Remember that font smoothing issue from above?  ClearType font smoothing is on by default in Windows XP and higher, but not in Windows 2003.   It’s not practical for us to serve screenshots from every permutation of the various browsers and operating systems that are available.  We’ve tried to provide an experience that represents what a typical user may have installed, but you may find small rendering differences between OS versions, and even OS patch levels.

 

If you are seeing screenshot discrepancies that cannot be explained by any of the above causes, we’d love to hear about them!  Consider coming over to the BrowserLab User Forum and letting us know about the problem you’re seeing.

Duane O’Brien
BrowserLab Engineer

BrowserLab for Firebug and Firefox 5 incompatibility

Note: As of July 12, 2011, the updated extension is now available on the Mozilla Exchange.

For those of you using version 1.0.0.1009P.274944 of our BrowserLab for Firebug extension, we wanted to let you know that it is not compatible with the recently released Firefox 5. This is just a temporary incompatibility – We’ve submitted an updated extension (v 1.0.0.1117P.302658) to the Mozilla Exchange team, and expect it to be available to you within the next few days.

For those of you that may not have tried BrowserLab for Firebug, this AdobeTV movie may help you decide if you can use it in your workflows.

Generally, when new versions of Firebug or Firefox are released, incompatibilities may be created that keep our BrowserLab for Firebug extension from working until it is updated. Although this is not unusual with Firefox extensions, we’re going to try to anticipate these changes so we can provide you with new versions of our BrowserLab for Firebug extension as quickly as possible. Fortunately, Firefox has an excellent update mechanism that will notify you automatically when there are new versions. If the BrowserLab for Firebug extension is a critical part of your workflow, you might want to consider waiting to update Firefox and/or Firebug until you also see an update to our extension.

 

Bruce Bowman
Adobe BrowserLab product manager
twitter: @brucebowman

IE 9 and Compatibility View

BrowserLab and Internet Explorer 9

Are you seeing IE9 rendering inconsistencies in BrowserLab?

Since we’ve added support for Internet Explorer 9 to BrowserLab, some users have been asking why BrowserLab shows a different rendering result than they see when testing locally with a real IE9 instance. Most of these differences end up being rooted in the same issue: IE9’s Compatibility View List.

Microsoft’s IE9 Compatibility View List contains a list of websites, which Microsoft believes are best displayed in a mode other than IE9 Standards mode. When viewing a site, IE9 will check whether the site is on the Compatibility View List, and if it is, the site will be displayed using Compatibility View – usually as if it were IE7.  If the site is not on the list, it will be displayed in IE9 mode, and the rendering mode will be determined based on any meta tags and the DOCTYPE.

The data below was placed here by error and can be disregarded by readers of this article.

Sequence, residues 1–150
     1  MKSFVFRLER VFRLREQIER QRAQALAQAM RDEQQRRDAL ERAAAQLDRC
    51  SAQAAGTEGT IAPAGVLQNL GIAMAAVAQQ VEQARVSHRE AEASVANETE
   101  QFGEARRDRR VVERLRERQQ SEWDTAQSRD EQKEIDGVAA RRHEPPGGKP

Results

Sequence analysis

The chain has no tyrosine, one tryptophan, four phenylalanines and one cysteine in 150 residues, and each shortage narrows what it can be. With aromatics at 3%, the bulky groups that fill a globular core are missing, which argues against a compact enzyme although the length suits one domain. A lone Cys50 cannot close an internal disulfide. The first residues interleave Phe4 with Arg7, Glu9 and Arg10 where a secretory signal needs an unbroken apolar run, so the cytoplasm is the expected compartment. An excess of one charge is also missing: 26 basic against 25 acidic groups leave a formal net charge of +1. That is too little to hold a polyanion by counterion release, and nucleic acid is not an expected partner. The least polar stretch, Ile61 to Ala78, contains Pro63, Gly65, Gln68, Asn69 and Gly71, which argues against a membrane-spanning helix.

As mentioned previously on this blog, our philosophy for BrowserLab is to provide browsers that are as close to the default installation settings as possible. Most people do not change their browser settings, so the browsers in BrowserLab are most likely to reflect the installed base of browsers. Compatibility View List is on by default in IE9, so we’ve left it on for the IE9 browsers in BrowserLab.  Some web pros have turned off Compatibility View in their local IE9 installation, which can cause a different rendering result.

IE9 Standards and Compatibility modes, side by side

IE9 Standards and Compatibility modes, side by side

For example, it is pretty common for web pros to temporarily host their sites on Dropbox, allowing simple synchronization and the ability to easily share with clients, etc. Unfortunately, dropbox.com is on Microsoft’s Compatibility View List, which causes all content from the dropbox.com domain to be rendered in IE7 mode.

Assuming that the final host of the content is not intended to be Dropbox, BrowserLab may end up providing a false negative (though if a client previews the content from dropbox.com with IE9 they may also see it rendered in IE7 mode). The BrowserLab team believes this to be preferable to the alternative where we turn off the Compatibility View List and run the risk of providing a false positive where BrowserLab shows you that the site renders correctly in IE9, but the majority of users with Compatibility View List turned on will see it in IE7 mode.

What Can You Do?

If you notice a discrepancy between your local IE9 browser and BrowserLab, there are some things you can do to identify and fix/work around the issue.

Start by determining whether the difference in rendering is due to IE9’s Compatibility View.


Verify whether Tools > Compatibility View Settings > Include updated website lists from Microsoft is checked in IE9. If this is checked, you have Compatibility View turned on and your results should match those from BrowserLab.  If your results do not match BrowserLab, please let us know of the issue by posting on the BrowserLab User Forum.

If Include updated website lists from Microsoft is unchecked, you can either enable it to see if IE9 then renders it differently or you can manually check whether your domain is on Microsoft’s Compatibility View List.  If your domain is on the list then it will not, by default, render in IE9 Standards mode.

To force IE9 to render in IE9 Standards mode despite the Compatibility View List, you can add either of the following X-UA-Compatible meta tags to your HTML:

Render page in IE9 Standards mode, ignore doctype: <meta http-equiv="X-UA-Compatible" content="IE=9">